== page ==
Covid 19 | Industry And Cluster | News & Insights

Will the way we dress change forever after the experience of lockdown?

Published: May 8, 2020

We are living through a period of time that almost nobody alive has ever experienced before. The global coronavirus pandemic has dramatically shifted the way in which we go about our day-to-day lives and there is little doubt that, going forward, at least parts of our existence are going to change forever.

When it comes to the fashion industry and more specifically, the way we, as consumers shop and choose what we pull out of our wardrobes each morning, the experience of living through a government-imposed lockdown could well change our perspective on dressing forever.

After finding comfort in loungewear at home, could we pivot towards it in the long term? Will we go to the other extreme and dress up more than we ever have before? Or will our priorities shift, giving way to changes in the industry that were already in motion and desperately in need of taking place? As the way we live our lives adjusts to a new normal, how will our wardrobes fare?

“The way in which people interact with brands and shop for fashion is changing fast,” explains Chris Morton, founder and CEO of global fashion search engine Lyst. “The Covid-19 crisis is accelerating shifts that were already happening in our industry, and catalysing further changes.”

Some of the most obvious shifts come from the type of clothing that consumers have been drawn to during these first few months of lockdown. When speaking to numerous leading luxury retailers, it is clear that lounge and sportswear has been key.

“Luxury loungewear, tracksuits and activewear has definitely become more and more in demand, which is not much of a surprise,” Tiffany Hsu, fashion buying director at Mytheresa says. It’s a similar story at Browns: “Comfort is key during lockdown – we have definitely seen increased interest in lounge and activewear as well as cashmere and casual wear,” explains Heather Gramston, head of womenswear buying at the department store.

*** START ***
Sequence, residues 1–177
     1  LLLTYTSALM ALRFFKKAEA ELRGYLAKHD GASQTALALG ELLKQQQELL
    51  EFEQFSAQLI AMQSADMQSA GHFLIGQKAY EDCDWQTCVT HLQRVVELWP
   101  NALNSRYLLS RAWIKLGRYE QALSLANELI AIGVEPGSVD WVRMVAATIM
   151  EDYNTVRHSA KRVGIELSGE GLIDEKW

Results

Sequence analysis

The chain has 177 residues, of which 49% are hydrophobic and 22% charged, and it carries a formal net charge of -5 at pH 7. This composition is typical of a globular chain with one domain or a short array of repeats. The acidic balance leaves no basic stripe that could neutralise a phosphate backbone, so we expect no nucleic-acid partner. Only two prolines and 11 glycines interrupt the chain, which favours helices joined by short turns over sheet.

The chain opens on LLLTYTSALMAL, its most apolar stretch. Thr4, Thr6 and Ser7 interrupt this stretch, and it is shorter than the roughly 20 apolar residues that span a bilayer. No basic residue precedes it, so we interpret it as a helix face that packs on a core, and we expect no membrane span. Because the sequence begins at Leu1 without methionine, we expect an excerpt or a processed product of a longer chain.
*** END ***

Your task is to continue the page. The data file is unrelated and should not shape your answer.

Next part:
And, at Matches Fashion and Net-a-Porter too, this change has been apparent with leggings, trainers and tracksuit bottoms all performing very well, with sales of the latter up 1,303 per cent at Net-a-Porter compared with this time last year.

Are we seeing the end of seasonality in fashion?

It is perhaps completely unsurprising that consumers are investing in casual clothing and activewear during this period. Not only are we housebound and embracing this time to be comfortable, but many of us also have a new perspective, more time to spare and a greater focus on our health. As explained by Marion Rabate, founder of luxury sportswear brand Ernest Loety (which has seen a peak in sales), consumers are reacting to what is happening around them.

“The lockdown means that more people are spending more time at home and obviously wearing loungewear, but this virus also means that people are more focused on their health – they see the point in investing in that area of their lives.”

Is the A-list trend for vintage influencing us?

So, for a few reasons, we’ve turned to lounge and sportswear in our droves, but spending our lives inside doesn’t just mean we need comfort, it also emphasises the need for versatility in our wardrobes.

“The spike in interest in more casual or sporty clothes has been true of lounge and activewear, but longer term, we’d expect this to be more about multi-functional clothing or two-mile wear,” says Fancesca Muston, VP of fashion content at trend-forecasting company WGSN. “These are clothes that you can be comfortable in and that are functional whether you are working out, relaxing at home or popping to the shops.”

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